Physical computing concerns computer systems that interact with the physical world. In a more limited sense, physical computing systems are cybernetic in nature, sensing and responding to the physical environment. It is through the skillful manipulation and translation of sensed inputs that physical computing systems can appear to exhibit intelligence in their physical responses.
The availability of inexpensive, easily programmable microcontrollers provide the perfect medium for exploring physical computation and are stepping stones toward ubiquitous computing.
At the 2011 Google I/O, Google announced their intention to work with Arduino to create an open-source development environment for creating Android peripherals. Arduino manufactures open-source microcontroller boards that can be easily attached to physical devices and programmed using an open-source programming language (also called Arduino).
In this post, I introduce the Arduino board family and show how quickly and easily they can be wired and programmed for physical computing. It should be noted that Arduino is simply one of many microcontroller boards currently available.
The Arduino family of boards come in various shapes, sizes and capabilities and currently includes the Uno, Duemilanove, Diecimila, Nuova Generazione, Extreme, USB, Serial, Mega, Mini, Nano, and the LilyPad (a round microcontroller made to be sewn into clothing). Some of these are shown below (click here for more information on a particular board):
This summer, I created a small mobile robot and chose the Arduino Uno as its “brains.” I chose the Uno because it had a built-in USB port (some Arduino boards require a “shield” that provides a temporary USB port for downloading) and had enough ports and power for the project as I envisioned it. The Arduino Uno is a 20MIP ATmega328 running at 20MHz. A datasheet for the Uno is available here.
Notice the rows of pin sockets at the top and bottom right edges of the board. The upper row has 13 sockets that can be used to connect digital input or output along with a common ground socket. The bottom rows of sockets can be used for analog input or output along with power and ground connections.
The board can be powered by a 9V power supply plugged into the power jack located at the lower left corner of the board, or through a USB connection to the port at the upper left corner. Software is downloaded to the board via a USB connection directly from within the Arduino development environment.
Here is a screen shot of the Arduino programming environment:
The Arduino language is a modified version of the Processing language. The program shown above is one of the example programs provided with the Arduino software. It simply blinks an LED connected to the digital I/O pin 13. This program demonstrates the ease with which physical devices can be connected to the Arduino board. To wire the LED to the board you could simply stick the long lead (positive) of the LED into digital pin 13 and the short lead (negative) to ground.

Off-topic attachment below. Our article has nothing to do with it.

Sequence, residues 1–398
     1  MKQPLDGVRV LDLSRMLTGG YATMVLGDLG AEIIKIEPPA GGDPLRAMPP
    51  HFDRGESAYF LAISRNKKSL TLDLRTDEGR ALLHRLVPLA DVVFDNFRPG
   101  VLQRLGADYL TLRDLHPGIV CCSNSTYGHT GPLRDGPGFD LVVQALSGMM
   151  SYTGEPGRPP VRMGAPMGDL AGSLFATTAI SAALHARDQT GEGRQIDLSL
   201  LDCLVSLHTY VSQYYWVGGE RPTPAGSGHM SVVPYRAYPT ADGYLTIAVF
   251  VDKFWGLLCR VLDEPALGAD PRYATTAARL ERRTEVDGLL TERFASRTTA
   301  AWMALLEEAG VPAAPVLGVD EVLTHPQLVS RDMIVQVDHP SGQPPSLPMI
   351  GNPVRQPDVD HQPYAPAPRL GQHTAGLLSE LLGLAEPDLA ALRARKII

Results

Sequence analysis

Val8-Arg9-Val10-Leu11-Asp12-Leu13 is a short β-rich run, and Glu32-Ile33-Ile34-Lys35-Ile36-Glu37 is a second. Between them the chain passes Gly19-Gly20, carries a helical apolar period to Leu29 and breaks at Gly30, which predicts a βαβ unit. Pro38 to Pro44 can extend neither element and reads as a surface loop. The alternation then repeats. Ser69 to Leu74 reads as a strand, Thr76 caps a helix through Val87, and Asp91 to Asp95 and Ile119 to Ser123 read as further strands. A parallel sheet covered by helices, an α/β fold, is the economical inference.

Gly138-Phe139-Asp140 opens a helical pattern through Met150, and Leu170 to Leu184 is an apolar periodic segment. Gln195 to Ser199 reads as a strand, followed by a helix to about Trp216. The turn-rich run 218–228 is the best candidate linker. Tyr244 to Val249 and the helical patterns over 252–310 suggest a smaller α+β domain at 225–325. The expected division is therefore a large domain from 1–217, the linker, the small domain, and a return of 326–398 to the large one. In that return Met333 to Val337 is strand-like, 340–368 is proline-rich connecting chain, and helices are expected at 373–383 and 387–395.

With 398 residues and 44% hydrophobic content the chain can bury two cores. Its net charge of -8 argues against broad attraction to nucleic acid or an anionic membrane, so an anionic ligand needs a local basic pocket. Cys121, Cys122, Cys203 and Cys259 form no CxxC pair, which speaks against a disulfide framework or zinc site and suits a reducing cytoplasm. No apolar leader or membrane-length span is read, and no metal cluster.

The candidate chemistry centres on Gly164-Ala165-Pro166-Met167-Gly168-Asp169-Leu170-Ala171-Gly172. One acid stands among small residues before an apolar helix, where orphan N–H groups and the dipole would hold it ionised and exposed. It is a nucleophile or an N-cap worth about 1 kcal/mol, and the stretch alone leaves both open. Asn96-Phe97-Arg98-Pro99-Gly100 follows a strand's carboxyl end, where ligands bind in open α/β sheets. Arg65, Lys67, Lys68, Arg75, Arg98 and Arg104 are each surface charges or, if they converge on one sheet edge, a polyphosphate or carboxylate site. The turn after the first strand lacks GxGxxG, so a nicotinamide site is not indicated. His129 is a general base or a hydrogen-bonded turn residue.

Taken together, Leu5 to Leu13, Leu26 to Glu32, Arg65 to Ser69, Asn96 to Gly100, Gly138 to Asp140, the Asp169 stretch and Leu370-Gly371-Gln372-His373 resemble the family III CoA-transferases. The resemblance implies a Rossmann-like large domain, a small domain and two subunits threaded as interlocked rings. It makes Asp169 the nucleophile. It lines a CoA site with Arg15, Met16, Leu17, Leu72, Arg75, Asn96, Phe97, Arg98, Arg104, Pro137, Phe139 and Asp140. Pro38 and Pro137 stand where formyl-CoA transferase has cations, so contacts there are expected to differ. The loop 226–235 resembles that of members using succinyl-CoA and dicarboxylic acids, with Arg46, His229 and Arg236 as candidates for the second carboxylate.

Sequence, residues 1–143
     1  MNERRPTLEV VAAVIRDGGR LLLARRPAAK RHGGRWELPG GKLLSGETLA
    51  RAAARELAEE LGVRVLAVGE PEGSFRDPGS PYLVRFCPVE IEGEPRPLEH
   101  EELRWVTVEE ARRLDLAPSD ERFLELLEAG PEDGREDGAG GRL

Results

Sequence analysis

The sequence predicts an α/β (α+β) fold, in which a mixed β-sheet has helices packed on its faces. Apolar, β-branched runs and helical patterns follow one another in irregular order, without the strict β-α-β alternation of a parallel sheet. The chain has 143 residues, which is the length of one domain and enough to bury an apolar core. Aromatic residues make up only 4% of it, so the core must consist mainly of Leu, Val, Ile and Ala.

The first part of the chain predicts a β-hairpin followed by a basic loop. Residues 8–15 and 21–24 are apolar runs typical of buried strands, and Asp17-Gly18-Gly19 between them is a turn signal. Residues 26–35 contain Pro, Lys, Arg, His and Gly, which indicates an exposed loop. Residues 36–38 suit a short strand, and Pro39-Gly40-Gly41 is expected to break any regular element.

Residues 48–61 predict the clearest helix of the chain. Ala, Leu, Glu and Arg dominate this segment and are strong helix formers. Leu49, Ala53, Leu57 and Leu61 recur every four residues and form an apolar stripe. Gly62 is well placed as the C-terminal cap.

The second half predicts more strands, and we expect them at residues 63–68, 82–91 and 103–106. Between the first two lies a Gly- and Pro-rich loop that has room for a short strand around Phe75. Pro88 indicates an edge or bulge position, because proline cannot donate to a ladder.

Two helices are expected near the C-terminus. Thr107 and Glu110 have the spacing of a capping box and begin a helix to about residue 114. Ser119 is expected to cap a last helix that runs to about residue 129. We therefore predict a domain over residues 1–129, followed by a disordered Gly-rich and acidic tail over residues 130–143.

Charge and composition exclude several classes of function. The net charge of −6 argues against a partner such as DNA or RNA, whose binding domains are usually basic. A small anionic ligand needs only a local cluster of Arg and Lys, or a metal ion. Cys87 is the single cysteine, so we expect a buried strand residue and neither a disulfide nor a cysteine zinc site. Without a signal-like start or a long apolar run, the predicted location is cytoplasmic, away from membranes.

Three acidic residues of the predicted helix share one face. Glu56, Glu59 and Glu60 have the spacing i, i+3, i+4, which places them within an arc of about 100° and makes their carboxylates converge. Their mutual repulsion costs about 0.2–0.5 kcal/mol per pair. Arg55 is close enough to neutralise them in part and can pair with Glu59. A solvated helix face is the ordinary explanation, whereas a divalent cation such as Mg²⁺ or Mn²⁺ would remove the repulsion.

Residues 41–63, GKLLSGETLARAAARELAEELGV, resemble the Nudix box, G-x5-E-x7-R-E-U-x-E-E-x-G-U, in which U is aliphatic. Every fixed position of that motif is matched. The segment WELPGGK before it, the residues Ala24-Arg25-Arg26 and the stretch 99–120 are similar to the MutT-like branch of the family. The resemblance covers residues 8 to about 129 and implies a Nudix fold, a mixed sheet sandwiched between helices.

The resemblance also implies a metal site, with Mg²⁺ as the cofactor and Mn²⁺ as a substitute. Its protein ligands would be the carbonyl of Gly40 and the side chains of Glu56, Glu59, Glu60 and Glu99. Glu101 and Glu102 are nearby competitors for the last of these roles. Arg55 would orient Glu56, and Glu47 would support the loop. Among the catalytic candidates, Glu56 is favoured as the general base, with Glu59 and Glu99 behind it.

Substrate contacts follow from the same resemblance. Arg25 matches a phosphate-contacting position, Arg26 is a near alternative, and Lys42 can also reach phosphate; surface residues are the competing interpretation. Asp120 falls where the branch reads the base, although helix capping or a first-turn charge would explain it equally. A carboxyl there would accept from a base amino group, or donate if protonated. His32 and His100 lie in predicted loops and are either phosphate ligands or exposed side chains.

After a program is downloaded to the board, it runs the setup() method once and then continues running the loop() method until the power is removed from the board or another program is downloaded. As stated previously, the board can be powered either through a battery pack or through the USB connection.
The robot I created this summer with the Arduino Uno board had the following connected to it:
- Two servos to handle the left and right wheels.
- Two servos to handle the pan/tilt functions of the robot’s neck.
- Two infrared motion detectors mounted as ears on the robot’s head.
- An ultrasonic distance sensor for eyes.
- A miniature speaker for the mouth.
In addition to creating robots, microcontroller boards like the Arduino can be used to create mobile phone peripherals, sensor networks and other physical computing devices.
Mobile phone peripherals are in their infancy and represent a relatively untapped new market and turn smartphones into powerful handheld tools. One example is Square, a device/app combination that allows the iPhone or iPad to read credit cards. All manner of field test equipment could be connected to smartphones via microcontroller-based hardware (such as Arduino).
Arduino board capabilities can be enhanced through the use of shields. Shields either clip or are soldered onto an Arduino board to provide additional capabilities such as wired or wireless ethernet, cellular functionality, data logging, motor control, video display control, touch pad capabilities, audio capabilities, etc.
Sensor networks can be constructed by creating Arduino modules with sensors that communicate either wired or wirelessly with a central microcontroller or host computer. In effect, sensor networks are like a distributed robot whose body/senses are spread across a large area.
Inexpensive, easy to use microcontrollers represent a significant step toward spreading intelligence throughout the physical world. Considering Moore’s Law, the price and size of microcontrollers can be expected to halve every 18-24 months. How long before we can feasibly imbue almost everything we touch with intelligence?